A Hard Frost


April 16, 2019

Bohemian Grace

Coyote Road

Fort Sumner, New Mexico


A Hard Frost


The dawn revealed a layer of hard frost on the ground, even though it is mid-April. In kind, there was a layer of fog over the river, the warmer waters rising into the chill of the dawn, near solid in the vapors. The fog always amazes me, as we are situated on the high desert plains of eastern New Mexico. This is as dry a place as any, except for the Pecos River, which strikes its way across the plain, and borders the town. Yes, a river, and then the ensuing irrigation ditches which stretch into the valley. The contrast of the cultivated fields to the raw red dirt of the plain is stark. It is possible to step directly from lush green alfalfa into the sage and cactus, the dividing line between mans and natures efforts.


From my perch on the hill I can see neither green fields nor water. The only thing visible is the tree lined shore of the river, and for the moment, the fog. The arid nature of my surroundings is striking. The thought of venturing very far into its vastness is daunting, as it would be nearly impossible to survive. Even spiritually, with the absence of the trees and mountains that surround me in Nogal, it is threatening. I do not think I could live here if it wasn’t for the green fields, and the water ways I pass by every day. In comparison, I have lived for many years without a river or stream nearby. Instead I drew sustenance from the rains and my garden, running water on the ground from the windmill. It was almost enough.


The conundrum now is that I have so little desire to stay here for the long term, but I will miss the river. Having grown up surrounded by streams and lakes, I have always yearned for the free flowing waters. That I settled in the desert contradicts that, but in equal measure I require open space. Although I love the forests and trees, I need the sweep of the plain to elevate my spirit, as well as open sky. When I was a child I would seek the mountaintops, for that very same reason. I require the stark silence which can only be had in the absence of the masses of humanity, which populate the more appealing places. I prefer to be alone, and only the wilderness and the plains can provide that for me. So it is that I have lived for so many years farther from the waterways than I would wish to be, but surrounded by the ethereal radiance of nature herself. I wait for the storms to bless the earth with moisture and then celebrate the glow of the flora as it emerges in its wake.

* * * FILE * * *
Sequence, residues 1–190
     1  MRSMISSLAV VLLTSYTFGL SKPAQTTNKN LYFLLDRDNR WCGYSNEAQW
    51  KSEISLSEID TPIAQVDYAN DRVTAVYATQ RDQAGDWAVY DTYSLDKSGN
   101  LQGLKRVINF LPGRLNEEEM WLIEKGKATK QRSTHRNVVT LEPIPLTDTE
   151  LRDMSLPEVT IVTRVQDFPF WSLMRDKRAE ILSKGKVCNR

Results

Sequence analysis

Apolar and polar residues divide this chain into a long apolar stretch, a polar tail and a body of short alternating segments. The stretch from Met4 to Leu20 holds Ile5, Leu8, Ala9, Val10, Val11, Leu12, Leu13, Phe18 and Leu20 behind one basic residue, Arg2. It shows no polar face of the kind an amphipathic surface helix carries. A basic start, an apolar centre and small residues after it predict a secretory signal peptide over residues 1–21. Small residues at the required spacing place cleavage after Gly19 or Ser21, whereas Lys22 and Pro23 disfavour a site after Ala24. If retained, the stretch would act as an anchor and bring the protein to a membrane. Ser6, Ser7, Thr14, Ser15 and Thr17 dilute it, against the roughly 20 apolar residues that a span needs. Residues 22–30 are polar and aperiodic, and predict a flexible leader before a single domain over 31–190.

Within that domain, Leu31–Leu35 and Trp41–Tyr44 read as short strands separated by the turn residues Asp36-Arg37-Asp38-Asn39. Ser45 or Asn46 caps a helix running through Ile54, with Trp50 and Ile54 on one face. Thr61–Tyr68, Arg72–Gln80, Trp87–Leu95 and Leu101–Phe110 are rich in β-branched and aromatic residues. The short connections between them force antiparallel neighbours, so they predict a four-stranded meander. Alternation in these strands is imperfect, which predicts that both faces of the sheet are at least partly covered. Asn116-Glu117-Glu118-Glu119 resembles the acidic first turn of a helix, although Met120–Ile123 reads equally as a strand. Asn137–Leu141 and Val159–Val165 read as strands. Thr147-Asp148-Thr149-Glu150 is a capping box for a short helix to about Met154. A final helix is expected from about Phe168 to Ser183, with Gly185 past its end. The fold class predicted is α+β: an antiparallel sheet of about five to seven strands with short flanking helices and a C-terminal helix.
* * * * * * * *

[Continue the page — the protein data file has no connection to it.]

Today I rejoice the brief rains of yesterday, the crispness of the frost, and the fog off the river. It is almost enough. I miss the mountains, and imagine they are snowcapped this morning. The Carrizo and the Vera Cruz will emit their own clouds, as the sun strikes their frozen caps, and then warms them with the dawn. In other words, I am missing out, but the fog will have to suffice. I have become profess at substitutions, and have learned to be satisfied with the same. I am here by choice, not circumstance. To complain would mean contradicting myself, and I am not inclined to do so. The mountains, as with the other lakes and rivers I have traveled to, await my return. I am working in that direction. The hard frost reminded me this morning.

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